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Feature Story October 22, 2007
The Kremlin’s Clan Warfare: The Putin Era Ends
It's The End Of The Putin Era As We Know It... By Mark Ames Browse author Email
Page 3 of 4

The arrest of Barsukov was a huge shot over the Cherkesov Clan's bow, reminiscent perhaps of the way that Putin's attack on Khodorkovsky began with the secret arrest of Yukos' head of security, Alexei Pichugin, a few weeks before turning on the top oligarchs and the oil company.

After that, an intense power struggle ensued: an FSB officer was arrested by Prosecutor-General Yuri Chaika (said to be aligned with Cherkasov) and charged in the Politkovskaya murder case, then subsequently released, in a humiliating slapdown for Chaika. A new Prime Minister, Viktor Zubkov, with long ties to Putin and long experience overseeing money-laundering investigations, took power. In September, the Prosecutor-General's office was formally stripped of many of its investigative powers, and 10,000 key employees, which were transferred to a new structure called the Investigative Committee, headed by Aleksandr Bastrykin, a former law school classmate of Putin's. Bastrykin allegedly is close to the Patrushev-Sechin clan, FSB-1, but as I'll argue, I have my doubts.

Click image to expand.

This month, five of Cherkesov's top people in the Anti-Narcotics Agency were taken down in mass public arrests, including his right-hand man, General Aleksandr Bulbov. This past Monday, Chaika's Prosecutor's Office demanded that Bulbov be released on technical grounnds, but the new Investigative Committee now trumps the power of the Prosecutor's Office. Meanwhile, kompromat reports are leaking to the media about Cherkesov's various business interests, including his lucrative ties to Semyon Vainshtok, the former head of Transneft, the oil and gas pipeline monopoly. Vainshtok was just replaced this week by Nikolai Tokarev, who served with Putin in the KGB in East Germany in the 1980s.

The Accounting Chamber, which monitors the federal government, has been rocked by a series of high-profile arrests over the past few weeks. The Chamber's head, former FSB chief Sergei Stepashin, responded by giving an interview in which he warned that those who were arresting his Accounting Chamber deputies today could be the ones arrested tomorrow. After the interview was published, Stepashin claimed that it was a fake and he'd never said a thing. The weirdness is accelerating with each day.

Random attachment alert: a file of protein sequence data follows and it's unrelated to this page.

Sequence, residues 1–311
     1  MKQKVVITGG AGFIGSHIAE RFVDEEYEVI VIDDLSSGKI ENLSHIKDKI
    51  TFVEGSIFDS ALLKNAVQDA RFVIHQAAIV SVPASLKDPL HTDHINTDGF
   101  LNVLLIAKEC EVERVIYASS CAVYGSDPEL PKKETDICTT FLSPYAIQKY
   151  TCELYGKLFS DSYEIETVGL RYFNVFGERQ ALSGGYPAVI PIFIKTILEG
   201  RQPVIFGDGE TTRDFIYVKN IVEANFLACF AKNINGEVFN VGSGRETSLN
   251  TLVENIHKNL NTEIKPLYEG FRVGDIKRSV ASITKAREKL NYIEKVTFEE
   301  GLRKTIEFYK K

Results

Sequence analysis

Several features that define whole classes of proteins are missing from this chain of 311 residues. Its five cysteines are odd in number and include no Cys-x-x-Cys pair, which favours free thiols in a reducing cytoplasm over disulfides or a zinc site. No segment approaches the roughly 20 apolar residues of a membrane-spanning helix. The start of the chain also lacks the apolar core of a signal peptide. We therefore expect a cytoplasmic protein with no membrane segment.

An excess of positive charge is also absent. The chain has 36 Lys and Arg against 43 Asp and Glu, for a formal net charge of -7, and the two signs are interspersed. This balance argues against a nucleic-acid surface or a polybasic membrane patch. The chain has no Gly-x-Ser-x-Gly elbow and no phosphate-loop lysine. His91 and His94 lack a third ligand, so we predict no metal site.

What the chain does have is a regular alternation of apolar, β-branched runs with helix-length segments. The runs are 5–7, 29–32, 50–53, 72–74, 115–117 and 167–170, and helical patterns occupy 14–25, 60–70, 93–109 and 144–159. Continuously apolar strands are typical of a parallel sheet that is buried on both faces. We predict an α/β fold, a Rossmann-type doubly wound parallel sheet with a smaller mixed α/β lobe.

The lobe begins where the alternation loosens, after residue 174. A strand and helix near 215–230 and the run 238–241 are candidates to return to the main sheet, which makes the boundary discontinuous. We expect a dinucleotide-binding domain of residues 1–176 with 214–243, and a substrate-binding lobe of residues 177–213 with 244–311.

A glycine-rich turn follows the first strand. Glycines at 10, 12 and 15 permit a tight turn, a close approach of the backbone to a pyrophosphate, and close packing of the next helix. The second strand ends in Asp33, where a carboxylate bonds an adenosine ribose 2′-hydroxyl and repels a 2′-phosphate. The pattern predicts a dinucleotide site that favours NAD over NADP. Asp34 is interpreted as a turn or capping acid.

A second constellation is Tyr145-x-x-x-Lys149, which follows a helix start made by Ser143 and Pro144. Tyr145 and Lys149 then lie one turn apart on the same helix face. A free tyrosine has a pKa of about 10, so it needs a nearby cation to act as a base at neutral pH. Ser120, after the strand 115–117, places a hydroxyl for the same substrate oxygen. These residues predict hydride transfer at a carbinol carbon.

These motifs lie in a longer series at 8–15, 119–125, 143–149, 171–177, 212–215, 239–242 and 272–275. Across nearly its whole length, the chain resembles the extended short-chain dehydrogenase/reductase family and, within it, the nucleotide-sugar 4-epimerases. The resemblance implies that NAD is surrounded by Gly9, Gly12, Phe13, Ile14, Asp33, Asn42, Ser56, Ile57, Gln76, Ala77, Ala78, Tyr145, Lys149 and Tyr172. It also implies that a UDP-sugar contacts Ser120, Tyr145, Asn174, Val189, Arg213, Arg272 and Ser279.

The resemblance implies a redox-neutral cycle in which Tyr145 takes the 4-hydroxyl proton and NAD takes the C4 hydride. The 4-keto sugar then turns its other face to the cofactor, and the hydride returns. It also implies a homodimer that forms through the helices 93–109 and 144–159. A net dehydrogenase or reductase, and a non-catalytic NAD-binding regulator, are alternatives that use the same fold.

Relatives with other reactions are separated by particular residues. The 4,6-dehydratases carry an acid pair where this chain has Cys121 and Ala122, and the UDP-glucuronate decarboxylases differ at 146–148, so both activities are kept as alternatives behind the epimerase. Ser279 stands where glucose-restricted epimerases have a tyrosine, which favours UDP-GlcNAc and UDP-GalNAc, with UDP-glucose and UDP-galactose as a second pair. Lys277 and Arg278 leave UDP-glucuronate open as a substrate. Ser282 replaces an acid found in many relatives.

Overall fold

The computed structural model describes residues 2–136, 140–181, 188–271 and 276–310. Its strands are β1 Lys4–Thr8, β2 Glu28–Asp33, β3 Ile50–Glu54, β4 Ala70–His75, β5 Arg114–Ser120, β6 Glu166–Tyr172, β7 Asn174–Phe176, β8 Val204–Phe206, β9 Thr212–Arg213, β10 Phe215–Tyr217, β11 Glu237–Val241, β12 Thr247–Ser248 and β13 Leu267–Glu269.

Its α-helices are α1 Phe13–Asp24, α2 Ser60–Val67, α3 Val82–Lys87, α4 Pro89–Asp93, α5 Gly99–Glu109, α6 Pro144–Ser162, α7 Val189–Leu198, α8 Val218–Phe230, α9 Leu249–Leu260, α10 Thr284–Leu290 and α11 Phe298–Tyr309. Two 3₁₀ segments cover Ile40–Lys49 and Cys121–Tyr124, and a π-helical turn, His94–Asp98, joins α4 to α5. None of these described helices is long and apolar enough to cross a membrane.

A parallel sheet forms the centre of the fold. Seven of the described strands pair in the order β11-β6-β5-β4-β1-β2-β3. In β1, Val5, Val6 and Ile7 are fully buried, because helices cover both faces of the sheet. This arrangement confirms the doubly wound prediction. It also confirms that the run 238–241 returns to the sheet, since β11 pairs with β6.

Putin hired his old mentor, the ass-kicker Viktor Zubkov, as his prime minister, and announced his Plan for staying in power by running for parliament on the United Russia ticket. Almost overnight, the Just Russia party, the Kremlin's long-held project to create a loyal left-opposition party, has collapsed.

What is happening?

I'll repeat: It's the End of the Putin Era as we know it. The struggle is on.

Here is how I see the current situation, from reading the various Russian reports and talking to people.

Putin had hoped or lulled himself into believing that he'd really set up the stable regime everyone thought Russia had become. The alleged stability had a kind of narcotic effect, convincing Putin's supporters that he'd done good, and his detractors that he'd gone Fascist or neo-Soviet. In fact, these two filters have led all of us to completely misunderstand what is really happening in Russia, and how potentially unstable the political power is, including Putin's own position.

There has been factional infighting all along, between various silovik clans, oligarch clans, and, to a lesser degree, Western interests. The infighting has been kept under control until recently by Putin's undisputed power, which he wielded to try to ensure some measure of balance. However, just as the Banker's War of 1997 showed, competing clans are never happy with their share of the "balance." As this autumn election season loomed, the two silovik clans' internecine war started breaking out, Putin, who may have wanted to step down from power and retire from glory, understood that things were potentially slipping out of his control as the clans battled for position and worked to weaken the other. Given Russian history, and given the high scary-factor of the two silovik clans, Putin should have every reason to worry about how badly he's going to sleep once he leaves the Kremlin. If power passed to one or the other clan, then London or Siberia or the untraceable-poison intensive care ward are all serious possibilities. The people poised to take power after Putin are pretty much guaranteed to make a lot of his detractors miss him.

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